Hi Elliott, This is a great breakdown and very generous in sharing your process and insights, you came a long way from the vending machine days!
Are you planning on releasing the UE4 project to the public? Or only builds? I'd love to play around with it in the editor if possible!
We’ve talked with Evgeny Starostin about his beautiful work with Houdini. He described his production process and shares some tips of great CGI.
The tools I use are Houdini, Blender and After Effects. Before falling in love with Houdini, I used to work in Cinema 4D. Houdini skills made me needed more than ever. And the reason for that is the ability to do simulation, advanced rigs and, what is more important, have more freedom at editing.
Fluid Dragon was a two hour project. This was more like one of the daily experiments, not for the internet. But sometimes I want to show these experiments and so I start rendering.
The idea is based on Riot Games’ video for League of Legends’ MSI championship. I was blown away by this piece of art. Looking at all those fog creatures, I started thinking about mixing animal’s image with some element.
First of all, I needed dragon’s head. To save some time, and to skip sculpting and modeling, I decided to get one from the site with models for non-commercial use.
I went on to use this model with Houdini. I just had to open the file and start working with it. It so cool! You can use any file and then replace it when there is a need.
Building materials was easy too. Some may think Houdini makes you create your own shaders in VEX or build something from nods, but that’s not the case. Firstly, there are basic materials library, which are quite good. All you have to do is go to Material Palette and choose the one to work with.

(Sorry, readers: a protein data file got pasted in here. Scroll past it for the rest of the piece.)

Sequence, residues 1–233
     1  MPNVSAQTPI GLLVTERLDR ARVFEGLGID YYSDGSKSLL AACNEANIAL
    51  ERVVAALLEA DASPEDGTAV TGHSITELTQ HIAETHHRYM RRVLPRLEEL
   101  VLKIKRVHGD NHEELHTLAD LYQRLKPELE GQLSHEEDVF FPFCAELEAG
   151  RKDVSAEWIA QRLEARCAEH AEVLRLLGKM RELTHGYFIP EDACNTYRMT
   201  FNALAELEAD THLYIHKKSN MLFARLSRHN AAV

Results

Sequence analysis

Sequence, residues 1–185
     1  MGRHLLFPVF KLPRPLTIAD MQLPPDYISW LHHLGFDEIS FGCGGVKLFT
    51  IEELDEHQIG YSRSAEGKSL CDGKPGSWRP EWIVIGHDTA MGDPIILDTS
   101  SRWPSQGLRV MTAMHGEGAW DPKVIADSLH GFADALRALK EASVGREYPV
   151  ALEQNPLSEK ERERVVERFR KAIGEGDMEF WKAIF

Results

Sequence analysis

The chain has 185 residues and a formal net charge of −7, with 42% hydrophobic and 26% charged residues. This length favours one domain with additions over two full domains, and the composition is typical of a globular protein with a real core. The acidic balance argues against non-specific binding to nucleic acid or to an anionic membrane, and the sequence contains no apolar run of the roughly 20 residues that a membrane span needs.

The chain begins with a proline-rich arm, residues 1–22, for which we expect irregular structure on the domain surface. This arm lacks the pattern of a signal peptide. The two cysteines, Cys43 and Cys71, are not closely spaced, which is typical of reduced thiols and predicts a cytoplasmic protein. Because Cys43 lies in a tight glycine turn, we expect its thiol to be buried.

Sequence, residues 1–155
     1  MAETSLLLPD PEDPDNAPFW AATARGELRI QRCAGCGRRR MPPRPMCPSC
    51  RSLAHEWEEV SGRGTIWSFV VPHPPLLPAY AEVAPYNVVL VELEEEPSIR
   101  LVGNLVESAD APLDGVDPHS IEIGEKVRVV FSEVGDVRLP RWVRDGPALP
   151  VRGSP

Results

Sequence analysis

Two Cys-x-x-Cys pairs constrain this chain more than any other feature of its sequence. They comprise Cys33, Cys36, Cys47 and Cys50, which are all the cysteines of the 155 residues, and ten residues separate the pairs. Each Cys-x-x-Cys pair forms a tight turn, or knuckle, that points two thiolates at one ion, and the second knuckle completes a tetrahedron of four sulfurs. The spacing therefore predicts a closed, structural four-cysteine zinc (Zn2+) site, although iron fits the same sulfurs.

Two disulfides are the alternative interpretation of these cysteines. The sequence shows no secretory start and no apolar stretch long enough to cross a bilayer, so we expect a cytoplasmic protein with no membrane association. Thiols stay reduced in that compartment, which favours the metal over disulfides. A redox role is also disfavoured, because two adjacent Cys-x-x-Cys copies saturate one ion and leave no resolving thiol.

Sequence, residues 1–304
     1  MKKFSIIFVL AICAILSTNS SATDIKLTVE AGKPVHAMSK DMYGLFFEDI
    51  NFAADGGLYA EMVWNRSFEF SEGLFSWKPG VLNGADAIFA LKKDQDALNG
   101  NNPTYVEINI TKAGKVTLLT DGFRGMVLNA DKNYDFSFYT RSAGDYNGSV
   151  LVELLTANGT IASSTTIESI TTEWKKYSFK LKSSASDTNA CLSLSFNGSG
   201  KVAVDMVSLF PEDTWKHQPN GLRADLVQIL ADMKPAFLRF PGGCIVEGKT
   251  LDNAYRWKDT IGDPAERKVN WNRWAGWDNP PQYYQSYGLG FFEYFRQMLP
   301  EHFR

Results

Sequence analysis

Secondly, there are materials similar to the ones in Cinema 4D and 3ds Max.
Then, once you become experienced used, you can start building your own shaders.
To use the materials you can either place them on some specific detail in viewpoint, or use the material nod.
Fluid Dragon is based on basicliquid-shader with refraction turned off.
Adding the Fluid Look
To add the fluid look you have to choose emitter for the flow. I wanted it to be serpentine, so I cut downloaded model’s body to put emitter in its neck.
To start the simulation you can use basic tool called Emit Paricle Fluids.
Then you add curve and edit popcurveforce to make particles move along this curve.
That’s how it all looked in the end.
Nod flipfluidobject has parameter called Particle Separation. Decreasing it, will grant your simulation more details.
And don’t forget about saving your cache.
Houdini is all about flexibility. You can change anything you want: while creating your fluid dragon you can change or replace your base mesh, but all your work and simulation won’t disappear. This is so useful when working with commercial projects — you can start working with proxy models before final concepts are approved.
What is more, it provides all kinds of instruments. Other tools may require additional plugins or expansions, which will cost you time and money. With Houdini you get all in one and all you have to do is use its limitless potential.